Late Quaternary evolution of the dryland ecosystem, Central Otago, New Zealand.
Pre-settlement paleoecology of Central Otago's semi-arid lowlands
Due to Central Otago’s distance from the ocean, and the fact that it is in the rainshadow of the Southern Alps, the region is a place of climatic extremes. It is the driest region of NZ (167mm precipitation in Alexandra, 1963-64), consistently records the coldest winter temperatures (-21.6°C in Ophir, 3 July 1995), and some of New Zealand’s highest summer temperatures.
Much of Central Otago has been highly modified by burning and grazing. The original vegetation communities and associated fauna have largely vanished, with introduced grasses, and weeds such as sweet briar (Rosa rubiginosa) and hawkweed (Hieracium spp.) now common throughout. The character and composition of the lost biota associated with Central Otago’s distinctive semi-arid lowland ecosystems remains an ecological puzzle. Paleoecological reconstructions for Central Otago are largely based on pollen records from high elevation bogs. So far, only 2 pollen records have been published for sites below 550m altitude in Central Otago, Earnscleugh Cave (Clark et al. 1996) and Ida Valley (McGlone & Moar 1996).
During this study, several rockshelters with late Holocene sediments containing well-preserved plant macrofossils (seeds, wood and leaves) were discovered. These plant macrofossils provide a glimpse of the vegetation as it existed prior to the arrival of humans. Several plant species represented in these deposits no longer exist in Central Otago, while others that are now widespread were rare prior to human settlement. Animal bones and feathers preserved in these dry rockshelter sites provide evidence of the faunal associations with vegetation.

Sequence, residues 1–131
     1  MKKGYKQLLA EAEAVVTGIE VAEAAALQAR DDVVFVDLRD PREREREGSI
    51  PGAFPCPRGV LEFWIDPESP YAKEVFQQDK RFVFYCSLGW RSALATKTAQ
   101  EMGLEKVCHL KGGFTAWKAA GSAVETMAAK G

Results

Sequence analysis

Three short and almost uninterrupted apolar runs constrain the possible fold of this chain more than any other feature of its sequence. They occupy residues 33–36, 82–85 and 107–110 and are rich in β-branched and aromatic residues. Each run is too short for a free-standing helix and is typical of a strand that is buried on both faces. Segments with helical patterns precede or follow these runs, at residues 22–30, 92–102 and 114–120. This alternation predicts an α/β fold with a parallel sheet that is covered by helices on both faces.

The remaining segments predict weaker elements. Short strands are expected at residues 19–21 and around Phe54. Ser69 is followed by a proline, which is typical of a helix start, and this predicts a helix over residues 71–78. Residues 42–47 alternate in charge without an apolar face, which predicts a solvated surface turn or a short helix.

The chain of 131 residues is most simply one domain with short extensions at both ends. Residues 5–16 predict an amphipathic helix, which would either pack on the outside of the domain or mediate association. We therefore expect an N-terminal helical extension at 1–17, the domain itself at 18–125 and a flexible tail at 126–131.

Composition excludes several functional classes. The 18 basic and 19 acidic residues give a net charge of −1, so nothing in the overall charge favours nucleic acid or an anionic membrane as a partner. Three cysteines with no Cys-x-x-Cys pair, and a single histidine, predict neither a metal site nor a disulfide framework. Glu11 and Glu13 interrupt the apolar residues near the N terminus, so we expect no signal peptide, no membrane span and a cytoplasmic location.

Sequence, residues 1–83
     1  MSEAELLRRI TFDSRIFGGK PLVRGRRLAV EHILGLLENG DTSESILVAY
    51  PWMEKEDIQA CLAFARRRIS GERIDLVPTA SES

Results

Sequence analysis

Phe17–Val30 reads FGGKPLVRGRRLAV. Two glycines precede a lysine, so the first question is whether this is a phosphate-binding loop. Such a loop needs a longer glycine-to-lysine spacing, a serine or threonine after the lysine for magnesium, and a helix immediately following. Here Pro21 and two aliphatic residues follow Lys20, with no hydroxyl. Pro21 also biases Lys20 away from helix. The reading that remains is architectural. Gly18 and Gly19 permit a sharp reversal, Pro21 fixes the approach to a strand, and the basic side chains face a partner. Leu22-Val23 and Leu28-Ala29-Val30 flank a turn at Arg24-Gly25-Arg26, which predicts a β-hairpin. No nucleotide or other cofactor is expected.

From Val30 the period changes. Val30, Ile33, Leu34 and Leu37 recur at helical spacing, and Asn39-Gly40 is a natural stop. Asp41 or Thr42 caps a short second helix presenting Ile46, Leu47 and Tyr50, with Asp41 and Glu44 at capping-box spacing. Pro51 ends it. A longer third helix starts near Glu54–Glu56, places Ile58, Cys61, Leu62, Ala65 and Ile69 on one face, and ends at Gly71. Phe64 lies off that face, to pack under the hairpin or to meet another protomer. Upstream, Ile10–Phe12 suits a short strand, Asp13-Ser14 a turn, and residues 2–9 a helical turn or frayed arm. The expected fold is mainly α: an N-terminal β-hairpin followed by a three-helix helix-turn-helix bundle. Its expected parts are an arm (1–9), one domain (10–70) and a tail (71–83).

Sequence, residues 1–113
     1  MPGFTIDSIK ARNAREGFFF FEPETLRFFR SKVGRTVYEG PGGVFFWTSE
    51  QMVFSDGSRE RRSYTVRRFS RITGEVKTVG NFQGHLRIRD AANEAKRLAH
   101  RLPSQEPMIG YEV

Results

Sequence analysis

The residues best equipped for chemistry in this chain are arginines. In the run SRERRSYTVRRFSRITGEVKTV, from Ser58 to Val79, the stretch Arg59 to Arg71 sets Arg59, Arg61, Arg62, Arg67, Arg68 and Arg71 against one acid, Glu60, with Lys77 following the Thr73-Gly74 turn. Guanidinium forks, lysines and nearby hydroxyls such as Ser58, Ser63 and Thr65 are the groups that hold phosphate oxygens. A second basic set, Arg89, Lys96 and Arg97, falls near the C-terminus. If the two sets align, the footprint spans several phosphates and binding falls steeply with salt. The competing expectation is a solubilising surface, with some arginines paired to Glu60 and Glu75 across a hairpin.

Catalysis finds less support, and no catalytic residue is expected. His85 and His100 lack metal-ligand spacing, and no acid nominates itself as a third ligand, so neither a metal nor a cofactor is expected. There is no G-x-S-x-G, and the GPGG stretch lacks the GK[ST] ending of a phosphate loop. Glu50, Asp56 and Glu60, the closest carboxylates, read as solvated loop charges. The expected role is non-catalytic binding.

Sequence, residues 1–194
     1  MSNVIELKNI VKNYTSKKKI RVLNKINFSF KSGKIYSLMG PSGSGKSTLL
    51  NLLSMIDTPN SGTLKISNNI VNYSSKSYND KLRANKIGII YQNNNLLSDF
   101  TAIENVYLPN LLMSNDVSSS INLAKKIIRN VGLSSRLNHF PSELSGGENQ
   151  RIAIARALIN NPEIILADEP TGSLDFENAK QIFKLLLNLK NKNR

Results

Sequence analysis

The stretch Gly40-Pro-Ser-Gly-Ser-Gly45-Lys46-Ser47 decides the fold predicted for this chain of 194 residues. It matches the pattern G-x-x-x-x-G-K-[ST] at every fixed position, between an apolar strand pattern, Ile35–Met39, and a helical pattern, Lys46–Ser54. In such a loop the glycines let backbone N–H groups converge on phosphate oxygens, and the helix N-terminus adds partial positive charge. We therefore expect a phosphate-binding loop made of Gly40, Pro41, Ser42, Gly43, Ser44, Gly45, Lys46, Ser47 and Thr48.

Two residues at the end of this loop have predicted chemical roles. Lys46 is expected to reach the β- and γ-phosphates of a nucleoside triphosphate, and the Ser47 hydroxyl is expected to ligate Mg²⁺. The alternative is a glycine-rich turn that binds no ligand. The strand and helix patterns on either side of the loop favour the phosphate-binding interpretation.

Avian herbivory in dryland ecosystems
Significant deposits of coprolites were discovered in dry rockshelter sediments during this study. These provide an unprecedented resource for studying the diet of extinct birds, niche partitioning in moa, and the effects of avian herbivory on the composition and structure of dryland vegetation communities. Macrofossil analyses combined with ancient DNA analyses (carried out during a visit to the Australian Centre for Ancient DNA) have identified the diets of at least three moa species from a range of different habitats, and provided the first evidence of lost mutualistic relationships between extinct avian herbivores and certain New Zealand plant species.
Rockshelter overlooking the Clutha River.
Moa coprolites from a Central Otago rockshelter
Example of 600-3,000 year old desiccated plant remains excavated from a Central Otago rockshelter deposit in May 2005. Scale is 3cm
- Wood, J.R., Rawlence, N., Cooper, A. 2007a. Interspecific and habitat-related intraspecific variation in the diet of late Holocene moa (Aves: Dinornithiformes) from South Island, New Zealand.5th International Southern Connection Conference, Adelaide, South Australia. p.78.
- Wood, J.R., Rawlence, N., Cooper, A. 2007b. Coprolites shed new light on the diet of late Holocene moa from southern New Zealand.CAVEPS, Melbourne, Australia.
- Lee, W.G.,Wood, J.R. 2007. Avian function in New Zealand terrestrial ecosystems the impact of extinctions, population declines and new introductions.5th International Southern Connection Conference, Adelaide, South Australia. p.44.